Footnote: The current Assessment was copied to the Senior Biodiversity Manager, UK Joint Nature Conservation Committee (JNCC), on 23rd August 2015. The Trust has since received no substantive response to the Assessment. The Trust has, however, been placed under constraint to engage in what may be interpreted as a consentual compromise with data sources known and evidenced to be extensively flawed. The Trust believes that to acquiesce to a constraint of this nature, resulting in 'mish-mash' changes to the substance of the Assessment, would be both mischievous and detrimental, and would run contrary to the best interests of the mycota that the Trust is committed, as a charity, to conserve.
An overview of the issue is contained in a Report, which is available on request.

 

2. Taxonomic scope and nomenclature
The subject of the current conservation assessment, managed by the Fungus Conservation Trust (formerly the Association of British Fungus Groups), is not limited to genera within a single family, but encompasses a more diverse spectrum. Fruit bodies of the genera selected do not display uniform morphologies. Some are in the typical 'mushroom' form of a fleshy cap surmounting a stalk, bearing an underlying layer of gills or spines. Others fruit as 'brackets', or as 'puffballs'. The genera were selected on the assumption that they have been fairly well recorded, where they occur across the extent of the British Isles, and that they include one or more potentially Red Data category species.
The taxonomic hierarchy found in the CATE2 UK database follows that of the Index/Species Fungorum throughout. A full list of the genera under consideration can be found by traversing the taxonomic hierarchy of this resource for the most up-to-date taxon versions. We have not pursued earlier reliance on the Checklist of Fungi of the British Isles (GBCHKLST) since this is believed to be increasingly out-of-date with regard to species new to Britain. The practical experience of our team suggests that a.k.a. The British Checklist tends not to be maintained as regularly and to the same extent as the IF/SF:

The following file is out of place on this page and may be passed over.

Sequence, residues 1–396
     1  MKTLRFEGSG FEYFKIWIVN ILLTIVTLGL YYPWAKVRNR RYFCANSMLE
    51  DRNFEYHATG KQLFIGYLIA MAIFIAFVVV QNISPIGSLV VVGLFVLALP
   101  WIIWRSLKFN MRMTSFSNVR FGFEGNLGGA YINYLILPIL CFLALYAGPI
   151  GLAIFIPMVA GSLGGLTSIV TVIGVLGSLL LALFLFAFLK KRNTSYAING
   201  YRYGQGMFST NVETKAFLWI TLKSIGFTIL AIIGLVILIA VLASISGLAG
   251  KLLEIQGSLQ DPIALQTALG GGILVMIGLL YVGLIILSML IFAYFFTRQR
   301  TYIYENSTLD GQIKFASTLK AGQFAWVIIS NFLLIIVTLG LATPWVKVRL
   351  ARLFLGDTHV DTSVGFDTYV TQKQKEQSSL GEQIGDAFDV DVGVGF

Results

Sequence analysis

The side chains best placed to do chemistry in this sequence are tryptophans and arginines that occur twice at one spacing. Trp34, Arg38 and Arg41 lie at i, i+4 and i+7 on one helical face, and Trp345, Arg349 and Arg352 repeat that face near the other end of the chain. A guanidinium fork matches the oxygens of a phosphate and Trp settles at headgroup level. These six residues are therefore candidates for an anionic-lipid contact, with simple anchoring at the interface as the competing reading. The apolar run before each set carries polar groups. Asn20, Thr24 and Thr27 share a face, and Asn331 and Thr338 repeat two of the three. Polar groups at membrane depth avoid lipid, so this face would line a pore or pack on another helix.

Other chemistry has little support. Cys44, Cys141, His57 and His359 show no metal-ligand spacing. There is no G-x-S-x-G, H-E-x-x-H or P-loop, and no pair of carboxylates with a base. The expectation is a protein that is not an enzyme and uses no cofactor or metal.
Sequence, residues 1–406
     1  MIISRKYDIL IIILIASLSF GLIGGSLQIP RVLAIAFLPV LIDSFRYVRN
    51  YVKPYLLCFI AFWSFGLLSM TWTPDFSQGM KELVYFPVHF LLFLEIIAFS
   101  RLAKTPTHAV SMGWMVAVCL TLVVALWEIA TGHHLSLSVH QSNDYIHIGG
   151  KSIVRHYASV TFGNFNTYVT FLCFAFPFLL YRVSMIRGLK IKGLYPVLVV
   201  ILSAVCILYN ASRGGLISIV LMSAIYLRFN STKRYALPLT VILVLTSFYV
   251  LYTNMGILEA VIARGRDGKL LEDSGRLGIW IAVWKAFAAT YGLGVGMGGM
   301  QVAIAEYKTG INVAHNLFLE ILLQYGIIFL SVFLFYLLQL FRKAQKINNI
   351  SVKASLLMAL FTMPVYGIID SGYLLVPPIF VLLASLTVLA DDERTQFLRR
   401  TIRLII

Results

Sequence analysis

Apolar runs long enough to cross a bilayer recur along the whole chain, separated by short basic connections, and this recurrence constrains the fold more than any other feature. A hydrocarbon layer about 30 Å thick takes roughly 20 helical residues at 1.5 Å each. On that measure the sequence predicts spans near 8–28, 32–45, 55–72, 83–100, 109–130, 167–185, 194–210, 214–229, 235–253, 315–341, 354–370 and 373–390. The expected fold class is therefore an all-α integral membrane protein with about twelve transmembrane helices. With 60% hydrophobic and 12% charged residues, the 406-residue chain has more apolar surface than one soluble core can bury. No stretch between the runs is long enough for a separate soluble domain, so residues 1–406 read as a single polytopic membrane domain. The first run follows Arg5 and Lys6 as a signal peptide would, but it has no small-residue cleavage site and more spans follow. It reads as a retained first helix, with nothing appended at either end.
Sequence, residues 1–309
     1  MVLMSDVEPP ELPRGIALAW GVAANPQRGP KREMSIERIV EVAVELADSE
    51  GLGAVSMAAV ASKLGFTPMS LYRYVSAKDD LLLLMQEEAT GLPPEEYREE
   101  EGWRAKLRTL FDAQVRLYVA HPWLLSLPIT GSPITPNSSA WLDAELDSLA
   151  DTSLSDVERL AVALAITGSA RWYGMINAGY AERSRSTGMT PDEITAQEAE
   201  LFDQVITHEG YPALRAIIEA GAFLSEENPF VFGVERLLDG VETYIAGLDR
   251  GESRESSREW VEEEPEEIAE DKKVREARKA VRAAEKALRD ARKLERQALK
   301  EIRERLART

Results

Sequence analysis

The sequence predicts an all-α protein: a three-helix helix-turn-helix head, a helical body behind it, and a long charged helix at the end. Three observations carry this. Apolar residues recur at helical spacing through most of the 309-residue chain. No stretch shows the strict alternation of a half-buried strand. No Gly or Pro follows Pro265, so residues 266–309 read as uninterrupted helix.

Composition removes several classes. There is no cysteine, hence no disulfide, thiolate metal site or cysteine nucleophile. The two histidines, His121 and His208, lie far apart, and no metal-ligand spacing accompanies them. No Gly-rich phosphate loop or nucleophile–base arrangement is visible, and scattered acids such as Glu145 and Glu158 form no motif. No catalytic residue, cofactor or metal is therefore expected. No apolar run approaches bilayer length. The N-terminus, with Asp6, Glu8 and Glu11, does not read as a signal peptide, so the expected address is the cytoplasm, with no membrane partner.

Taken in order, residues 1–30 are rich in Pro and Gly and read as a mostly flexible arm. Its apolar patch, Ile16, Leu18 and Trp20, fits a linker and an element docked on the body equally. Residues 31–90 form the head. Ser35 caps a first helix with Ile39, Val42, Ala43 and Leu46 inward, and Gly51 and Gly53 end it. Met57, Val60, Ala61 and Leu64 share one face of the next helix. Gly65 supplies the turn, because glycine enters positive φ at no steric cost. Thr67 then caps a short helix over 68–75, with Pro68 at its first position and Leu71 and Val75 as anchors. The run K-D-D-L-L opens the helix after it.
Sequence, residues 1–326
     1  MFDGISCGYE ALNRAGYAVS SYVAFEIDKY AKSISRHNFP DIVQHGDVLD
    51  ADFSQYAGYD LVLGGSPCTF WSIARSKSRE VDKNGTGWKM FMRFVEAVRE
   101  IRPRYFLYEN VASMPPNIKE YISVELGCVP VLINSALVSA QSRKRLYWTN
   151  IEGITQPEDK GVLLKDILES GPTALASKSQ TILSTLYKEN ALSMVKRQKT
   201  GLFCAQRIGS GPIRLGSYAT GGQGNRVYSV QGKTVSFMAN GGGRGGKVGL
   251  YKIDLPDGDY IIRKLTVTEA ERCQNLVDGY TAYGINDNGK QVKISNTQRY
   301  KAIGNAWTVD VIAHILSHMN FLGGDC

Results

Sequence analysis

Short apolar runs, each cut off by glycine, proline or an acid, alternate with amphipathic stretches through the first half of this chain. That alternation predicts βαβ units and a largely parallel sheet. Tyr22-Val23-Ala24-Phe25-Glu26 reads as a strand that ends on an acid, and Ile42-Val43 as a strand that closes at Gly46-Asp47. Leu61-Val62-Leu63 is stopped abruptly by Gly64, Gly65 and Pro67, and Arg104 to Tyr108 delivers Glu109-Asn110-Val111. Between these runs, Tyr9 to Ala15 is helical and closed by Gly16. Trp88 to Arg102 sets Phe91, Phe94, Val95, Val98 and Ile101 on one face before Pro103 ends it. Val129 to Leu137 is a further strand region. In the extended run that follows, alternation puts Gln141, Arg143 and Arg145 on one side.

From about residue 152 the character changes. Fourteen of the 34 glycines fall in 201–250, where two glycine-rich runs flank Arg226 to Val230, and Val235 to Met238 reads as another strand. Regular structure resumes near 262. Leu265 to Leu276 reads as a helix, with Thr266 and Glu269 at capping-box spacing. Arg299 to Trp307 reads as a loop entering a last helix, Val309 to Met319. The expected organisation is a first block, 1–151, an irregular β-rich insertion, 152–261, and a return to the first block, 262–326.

<http://cate.abfg.org>

 

The genera currently assessed are: Geastrum, Myriostoma, Sphaerobolus, Bankera, Boletopsis, Hydnellum, Phellodon, Sarcodon, Cantharellus, Craterellus, Pseudocraterellus, Dentipellis, Hericium, Laxitextum, Battarrea, Bovista, Lycoperdon, Piptoporus, Tulostoma.
The assessed taxa are named according to the current nomenclature found in the IF/SF. Notwithstanding the comments above, they are also included in the GBCHKLST. 80* species have been recorded in Great Britain, and are within the scope of the current assessment. (* one species has been provisionally re-assigned). It includes summary details only for taxa of Least Concern (LC).
Other names not meeting the criteria for assessed taxa can be found in national databases, but are excluded. These are mostly names of uncertain application or synonyms and include: Geastrum britannicum, G. bryantii var. minor, G. campestre, G. coronatum ß woodwardii, G. fornicellum, G. pseudolimbatum, G. stellatum, G. umbilicatus, G. umbilicatus var. smithii, Boletopsis leucomelaena, Hydnellum compactum, H. cumulatum, H. mirabile, H. velutinum, Phellodon atratus, Sarcodon fuligineoviolaceus, S. joeides, S. leucopus, S. regalis, S. versipellis, Cantharellus fissilis, C. helvelloides, C. hypnorum, C. replexus, C. replexus var. devexus, C. viscosus, Hericium abietis, H. alpestre, Bovista olivacea, B. pusilla, Lycoperdon acariforme, L. ardosiacum, L. candidum, L. cinereum, L. cruciatum, L. cylindricum, L. defossum, L. echiniforme, L. epiphyllum, L. formicatum, L. gibbosum, L. globosum, L. gossypinum, L. hydrophorum, L. lambinonii, L. parasiticum, L. perlatum var. lacunosum, L. pertusum, L. proteus, L. radiatum, L. radicatum, L. rufum, L. tessellatum.

 

3. Data preparation